From viewing 19-foot hang gliders to making 19-inch walk-along gliders, visitors to the first Aeronautics/Alternative Energy Expo in Clark Hall March 28 got to experience the real challenge of catching a breeze.
Young children assembled paper airplanes, pinwheels and foam gliders under the guidance of student volunteers and watched then gracefully sail (or crash). Older visitors perused booths hosted by CU Air, Wingmill, Juice from Juice and Design Build Fly (DBF), which showcased aeronautic prototypes and encouraged students to explore the science of flight.
The event was a collaborative effort between the Cornell Chapter of the American Institute of Aeronautics and Astronautics (AIAA) and Xraise, the outreach program at the Cornell Laboratory for Accelerator-based Science and Education (CLASSE).
“Xraise, in collaboration with AIAA, hopes to inspire community creativity, raise awareness about alternative energy and aeronautics, and expose our next generation of scientists and engineers to the joy of scientific exploration and the possibilities of the future,” said Asta Li ’16, public relations and outreach director of the Cornell Chapter of AIAA.
Henry Ekwaro-Osire ’14 demonstrated the Garcia LIMS Lab’s wingmill project, a small-scale prototype of an experimental wing oscillator designed to generate wind energy. Alternative energy enthusiasts were drawn to the 5kW turbine on display courtesy of Weaver Wind Energy, a household wind turbine company based in Ithaca.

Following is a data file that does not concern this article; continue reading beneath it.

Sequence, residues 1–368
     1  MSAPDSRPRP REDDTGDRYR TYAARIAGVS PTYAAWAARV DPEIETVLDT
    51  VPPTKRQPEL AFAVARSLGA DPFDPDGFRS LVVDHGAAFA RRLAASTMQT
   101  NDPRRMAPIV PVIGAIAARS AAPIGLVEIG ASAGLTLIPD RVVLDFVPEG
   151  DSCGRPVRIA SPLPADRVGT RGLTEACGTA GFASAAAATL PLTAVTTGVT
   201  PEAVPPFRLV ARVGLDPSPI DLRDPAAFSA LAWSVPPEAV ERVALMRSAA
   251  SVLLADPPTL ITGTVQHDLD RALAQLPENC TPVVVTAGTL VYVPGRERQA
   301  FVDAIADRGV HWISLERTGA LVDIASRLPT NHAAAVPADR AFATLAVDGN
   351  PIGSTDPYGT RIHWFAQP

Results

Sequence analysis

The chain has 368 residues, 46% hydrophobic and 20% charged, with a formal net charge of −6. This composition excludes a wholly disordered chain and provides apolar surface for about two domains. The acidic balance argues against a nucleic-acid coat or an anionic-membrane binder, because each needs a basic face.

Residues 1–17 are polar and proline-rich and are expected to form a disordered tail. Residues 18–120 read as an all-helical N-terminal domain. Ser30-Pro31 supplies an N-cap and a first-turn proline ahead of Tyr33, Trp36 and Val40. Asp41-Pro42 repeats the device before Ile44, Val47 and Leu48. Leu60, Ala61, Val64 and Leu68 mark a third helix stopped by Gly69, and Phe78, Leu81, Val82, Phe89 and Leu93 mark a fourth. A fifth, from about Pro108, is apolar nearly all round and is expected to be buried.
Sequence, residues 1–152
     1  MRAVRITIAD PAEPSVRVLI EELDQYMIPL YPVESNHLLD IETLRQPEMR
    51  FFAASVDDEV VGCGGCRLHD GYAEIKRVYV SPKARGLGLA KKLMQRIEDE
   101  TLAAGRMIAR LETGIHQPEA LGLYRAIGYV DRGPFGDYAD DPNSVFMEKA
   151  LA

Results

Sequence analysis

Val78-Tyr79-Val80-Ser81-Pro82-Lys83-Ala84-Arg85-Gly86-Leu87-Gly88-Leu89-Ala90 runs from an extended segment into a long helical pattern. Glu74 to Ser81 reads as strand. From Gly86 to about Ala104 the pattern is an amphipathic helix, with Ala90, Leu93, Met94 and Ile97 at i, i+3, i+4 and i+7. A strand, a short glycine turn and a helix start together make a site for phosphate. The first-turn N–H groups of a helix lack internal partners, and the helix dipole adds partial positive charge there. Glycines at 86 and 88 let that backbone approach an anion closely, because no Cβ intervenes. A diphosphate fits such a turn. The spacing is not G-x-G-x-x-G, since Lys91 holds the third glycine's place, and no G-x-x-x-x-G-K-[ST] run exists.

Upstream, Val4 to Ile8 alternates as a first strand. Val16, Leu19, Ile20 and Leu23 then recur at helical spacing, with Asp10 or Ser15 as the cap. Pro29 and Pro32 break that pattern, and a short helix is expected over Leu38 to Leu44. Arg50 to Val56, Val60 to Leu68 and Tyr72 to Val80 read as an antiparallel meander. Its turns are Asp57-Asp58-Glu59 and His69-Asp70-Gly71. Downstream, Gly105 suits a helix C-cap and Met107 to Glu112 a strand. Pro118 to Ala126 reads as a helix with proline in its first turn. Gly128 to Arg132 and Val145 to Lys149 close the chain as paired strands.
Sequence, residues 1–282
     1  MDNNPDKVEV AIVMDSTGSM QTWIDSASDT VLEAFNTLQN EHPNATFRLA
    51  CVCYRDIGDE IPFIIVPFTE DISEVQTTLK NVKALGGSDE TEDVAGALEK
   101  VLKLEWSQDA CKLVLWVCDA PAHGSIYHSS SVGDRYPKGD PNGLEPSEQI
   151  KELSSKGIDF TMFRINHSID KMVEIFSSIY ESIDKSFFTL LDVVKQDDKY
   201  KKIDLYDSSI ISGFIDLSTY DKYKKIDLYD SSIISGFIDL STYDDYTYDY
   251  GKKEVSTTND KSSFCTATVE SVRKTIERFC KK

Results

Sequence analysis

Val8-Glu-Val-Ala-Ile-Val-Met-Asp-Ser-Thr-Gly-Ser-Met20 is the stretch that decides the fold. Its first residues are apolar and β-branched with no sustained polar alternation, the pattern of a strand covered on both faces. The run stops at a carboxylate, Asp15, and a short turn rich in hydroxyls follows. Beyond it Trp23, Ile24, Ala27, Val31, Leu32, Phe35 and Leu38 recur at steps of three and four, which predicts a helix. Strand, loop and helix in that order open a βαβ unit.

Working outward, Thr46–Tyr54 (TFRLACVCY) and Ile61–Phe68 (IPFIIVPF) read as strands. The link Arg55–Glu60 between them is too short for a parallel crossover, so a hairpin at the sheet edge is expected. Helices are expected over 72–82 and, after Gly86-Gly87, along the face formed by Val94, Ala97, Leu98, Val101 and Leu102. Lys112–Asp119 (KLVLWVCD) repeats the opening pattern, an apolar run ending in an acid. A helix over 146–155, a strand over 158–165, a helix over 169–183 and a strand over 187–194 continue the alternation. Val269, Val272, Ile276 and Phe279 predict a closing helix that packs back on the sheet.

Also at the event, the Technology Student Association (TSA) from Ithaca High School provided several interactive exhibits. Student president Anton Volkmann displayed his fog tornado, a refined version of the one he built as part of a summer internship with Xraise, while other TSA students showed off their vortex canon and quad copter.
Phone cameras were pulled out when TSA faculty adviser Bill Sauve flew his quad copter around the Atrium, carefully hovering near the crowd where spectators could see the four vertical propellers that allow the craft to smoothly lift, dip and turn any angle.
"Although I'm a physicist, it's always a challenge to explain difficult concepts like energy and electricity to my young children,” said Julia Thom-Levy, Cornell associate professor of physics who brought her children to the Expo. “The Wind/Aero Expo was a fantastic way to do just that. My son saw the home wind generator and could turn it himself to make lamps light up. I think a light went on in his head as well at that moment!”
Later in the day, Marguerite Wells of Black Oak Wind Farm, a 20 million watt wind farm in western Tompkins County, outlined the planning stages of the community-owned project.
The Expo, part of the Xraise outreach program’s second annual Wind Turbine Challenge, was one of three events planned for the public this spring.
The Wind Turbine Build, held earlier in March, allowed families to learn basic aerodynamics by constructing simple wind turbines from recyclable materials such as wooden skewers, cardboard, plastic bottles and foam balls.
The Wind Challenge Competition April 21 will encourage builders to test the torque and power generation capabilities of their wind turbines.
Lora K. Hine is director of Educational Programs at CLASSE.